omitted). Court-supervised notice is appropriate where lead
plaintiffs demonstrate that they are “similarly
situated” to employees in the class they seek to
certify. 29 U.S.C. § 216(b); O'Brien, 575
F.3d at 583. Courts typically engage in a two-phase inquiry
to determine whether the lead plaintiff has satisfied that
showing. Comer v. Wal-Mart Stores, Inc., 454 F.3d
544, 546 (6th Cir. 2006). “The first takes place at the
beginning of discovery. The second occurs after all of the
opt-in forms have been received and discovery has
concluded.” Id. (internal quotation omitted).
The present case is at the first phase of the collective
action where the Court must determine whether to
“conditionally” certify the proposed class.
the FLSA does not define the meaning of “similarly
situated, ” the Sixth Circuit's
O'Brien decision offered clarification of that
term. Despite declining “to create comprehensive
criteria for informing the similarly-situated analysis,
” the O'Brien court did state “that
plaintiffs are similarly situated when they suffer from a
single, FLSA-violating policy, and when proof of that policy
or of conduct in conformity with that policy proves a
violation as to all the plaintiffs.” 575 F.3d at 585.
“Showing a ‘unified policy' of violations is
not required, though.” Id. at 584 (citing
Grayson v. K Mart Corp., 79 F.3d 1086, 1095 (11th
Cir. 1996)). Plaintiffs may also be similarly situated where
“their claims [are] unified by common theories of
defendants' statutory violations, even if the proofs of
these theories are inevitably individualized and
distinct.” Id. at 585. Under the circumstances
of O'Brien, “[t]he claims were unified so,
because plaintiffs articulated two common means by which they
were allegedly cheated: forcing employees to work off the
clock and improperly editing time-sheets.” Id.
parties disagree as to which standard this Court should apply
to evaluate whether members of the putative class are
similarly situated to Harris. Plaintiff contends that the
traditional “modest” standard is appropriate,
while Defendant urges the Court to apply a more stringent
“modest plus” standard.
the traditional standard, a plaintiff's burden at this
stage is “fairly lenient, ” and the lead
plaintiff must make only a “modest factual
showing” that he is similarly situated to members of
the prospective class he seeks to certify and send
court-supervised notice. Comer, 454 F.3d at 547
(quoting Morisky v. Pub. Serv. Elec. & Gas Co.,
111 F.Supp.2d 493, 497 (D.N.J. 2000), and Pritchard v.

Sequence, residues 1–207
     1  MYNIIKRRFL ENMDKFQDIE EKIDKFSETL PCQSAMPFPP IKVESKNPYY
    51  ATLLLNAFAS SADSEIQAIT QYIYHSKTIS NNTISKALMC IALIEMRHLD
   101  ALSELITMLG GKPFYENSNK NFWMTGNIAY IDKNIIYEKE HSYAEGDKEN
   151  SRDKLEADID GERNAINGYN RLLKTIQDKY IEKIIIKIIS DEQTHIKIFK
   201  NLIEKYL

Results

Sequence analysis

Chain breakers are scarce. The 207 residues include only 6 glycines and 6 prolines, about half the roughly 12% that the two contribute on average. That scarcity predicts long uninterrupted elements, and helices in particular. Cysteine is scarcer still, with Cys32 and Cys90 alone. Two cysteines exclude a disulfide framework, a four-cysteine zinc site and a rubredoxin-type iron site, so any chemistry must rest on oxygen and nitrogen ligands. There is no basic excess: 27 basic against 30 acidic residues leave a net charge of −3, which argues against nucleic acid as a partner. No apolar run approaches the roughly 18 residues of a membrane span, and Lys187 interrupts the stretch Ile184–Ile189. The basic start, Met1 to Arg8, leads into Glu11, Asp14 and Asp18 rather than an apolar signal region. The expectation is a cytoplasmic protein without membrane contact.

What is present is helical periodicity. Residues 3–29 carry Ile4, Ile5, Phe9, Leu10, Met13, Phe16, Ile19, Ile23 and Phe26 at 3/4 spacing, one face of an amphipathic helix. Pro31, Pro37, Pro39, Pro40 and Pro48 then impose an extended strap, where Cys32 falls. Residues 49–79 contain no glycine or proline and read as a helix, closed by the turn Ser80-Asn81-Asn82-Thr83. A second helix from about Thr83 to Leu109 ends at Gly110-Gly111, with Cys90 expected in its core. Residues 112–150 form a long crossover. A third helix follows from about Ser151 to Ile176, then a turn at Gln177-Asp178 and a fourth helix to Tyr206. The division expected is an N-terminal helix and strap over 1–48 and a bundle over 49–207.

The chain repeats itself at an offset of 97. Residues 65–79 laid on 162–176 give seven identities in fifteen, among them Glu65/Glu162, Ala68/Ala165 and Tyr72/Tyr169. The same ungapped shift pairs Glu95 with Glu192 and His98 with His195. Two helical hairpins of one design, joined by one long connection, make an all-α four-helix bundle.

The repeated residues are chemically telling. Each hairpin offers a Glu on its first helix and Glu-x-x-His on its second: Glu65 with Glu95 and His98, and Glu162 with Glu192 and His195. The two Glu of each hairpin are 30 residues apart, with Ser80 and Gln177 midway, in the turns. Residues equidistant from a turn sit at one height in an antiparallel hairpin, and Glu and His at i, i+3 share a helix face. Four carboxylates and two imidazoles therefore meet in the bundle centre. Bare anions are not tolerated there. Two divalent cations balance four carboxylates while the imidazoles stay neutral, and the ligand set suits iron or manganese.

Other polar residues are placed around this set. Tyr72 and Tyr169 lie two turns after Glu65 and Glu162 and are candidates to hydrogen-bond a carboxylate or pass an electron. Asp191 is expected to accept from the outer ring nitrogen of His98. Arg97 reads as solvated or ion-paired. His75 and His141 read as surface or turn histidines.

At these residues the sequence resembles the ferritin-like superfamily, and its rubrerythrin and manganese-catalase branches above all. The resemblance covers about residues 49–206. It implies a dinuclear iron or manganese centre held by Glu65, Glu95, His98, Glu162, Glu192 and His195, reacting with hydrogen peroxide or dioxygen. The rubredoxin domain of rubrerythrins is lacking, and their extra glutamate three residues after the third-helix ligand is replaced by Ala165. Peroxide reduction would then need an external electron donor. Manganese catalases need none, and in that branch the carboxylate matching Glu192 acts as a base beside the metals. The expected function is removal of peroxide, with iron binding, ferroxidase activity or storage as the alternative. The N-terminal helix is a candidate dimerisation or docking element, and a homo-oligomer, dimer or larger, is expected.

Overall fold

Dent Wizard Int'l Corp., 210 F.R.D. 591, 596 (S.D.
Ohio 2002)). Because of the lenient standard, district courts
typically grant conditional certification of collective
actions. Id. Thus,
[s]everal courts have recognized that the named
plaintiff's burden at this stage is not a heavy one.
White v. MPW Indus. Servs., 236 F.R.D. 363, 367
(E.D. Tenn. 2006); Swallows v. City of Brentwood,
Tenn., 2007 U.S. Dist. LEXIS 61130, 2007 WL 2402735, at
*2 (M.D. Tenn. Aug. 20, 2007). “[T]he burden of proof
is relatively slight at this stage of the case because the
Court is not making a substantive determination on the basis
of all the evidence but simply adopting a procedure which
permits notice to be given to other potential class
members.” McDonald v. Madison Township Bd. of
Township Trustees, 2007 U.S. Dist. LEXIS 76450, at *6
(S.D. Ohio Oct. 5, 2007). At the notice stage, the plaintiff
must show that “his position is similar, not identical,
to the positions held by the putative class members.”
Comer, 454 F.3d at 546-47 (quoting Pritchard v.
Dent Wizard Int'l Corp., 210 F.R.D. 591, 595 (S.D.
Frye v. Baptist Mem'l Hosp., Inc., No. 07-2708,
2008 WL 6653632, at *4 (W.D. Tenn. Sept. 16, 2008) (footnote
contrast to this lenient standard, some courts apply a
slightly elevated “modest plus” standard where
discovery has been conducted during the pre-certification
stage. In conducting an analysis under this standard,
th[e] Court will compare Plaintiffs' allegations set
forth in their Complaint with the factual record assembled
through discovery . . . to determine whether Plaintiffs have
made [a] sufficient showing beyond their original allegations
that would tend to make it more likely that a class of
similarly situated employees exist. In other words, the Court
will review whether Plaintiffs have advanced the ball down
the field-showing that it is ...